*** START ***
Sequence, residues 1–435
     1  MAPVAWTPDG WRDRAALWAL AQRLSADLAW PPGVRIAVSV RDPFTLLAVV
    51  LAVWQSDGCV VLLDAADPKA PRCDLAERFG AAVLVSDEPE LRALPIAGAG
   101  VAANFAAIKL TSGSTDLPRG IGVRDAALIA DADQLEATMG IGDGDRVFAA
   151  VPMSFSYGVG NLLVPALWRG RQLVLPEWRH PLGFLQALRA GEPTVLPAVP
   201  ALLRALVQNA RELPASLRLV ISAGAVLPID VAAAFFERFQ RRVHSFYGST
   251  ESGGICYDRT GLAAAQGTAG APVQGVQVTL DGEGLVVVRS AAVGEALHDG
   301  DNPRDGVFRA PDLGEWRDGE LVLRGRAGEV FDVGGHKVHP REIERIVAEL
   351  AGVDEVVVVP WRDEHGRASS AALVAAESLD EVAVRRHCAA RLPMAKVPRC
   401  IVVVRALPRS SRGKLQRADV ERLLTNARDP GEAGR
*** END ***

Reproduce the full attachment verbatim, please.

Sequence, residues 1–435
     1  MAPVAWTPDG WRDRAALWAL AQRLSADLAW PPGVRIAVSV RDPFTLLAVV
    51  LAVWQSDGCV VLLDAADPKA PRCDLAERFG AAVLVSDEPE LRALPIAGAG
   101  VAANFAAIKL TSGSTDLPRG IGVRDAALIA DADQLEATMG IGDGDRVFAA
   151  VPMSFSYGVG NLLVPALWRG RQLVLPEWRH PLGFLQALRA GEPTVLPAVP
   201  ALLRALVQNA RELPASLRLV ISAGAVLPID VAAAFFERFQ RRVHSFYGST
   251  ESGGICYDRT GLAAAQGTAG APVQGVQVTL DGEGLVVVRS AAVGEALHDG
   301  DNPRDGVFRA PDLGEWRDGE LVLRGRAGEV FDVGGHKVHP REIERIVAEL
   351  AGVDEVVVVP WRDEHGRASS AALVAAESLD EVAVRRHCAA RLPMAKVPRC
   401  IVVVRALPRS SRGKLQRADV ERLLTNARDP GEAGR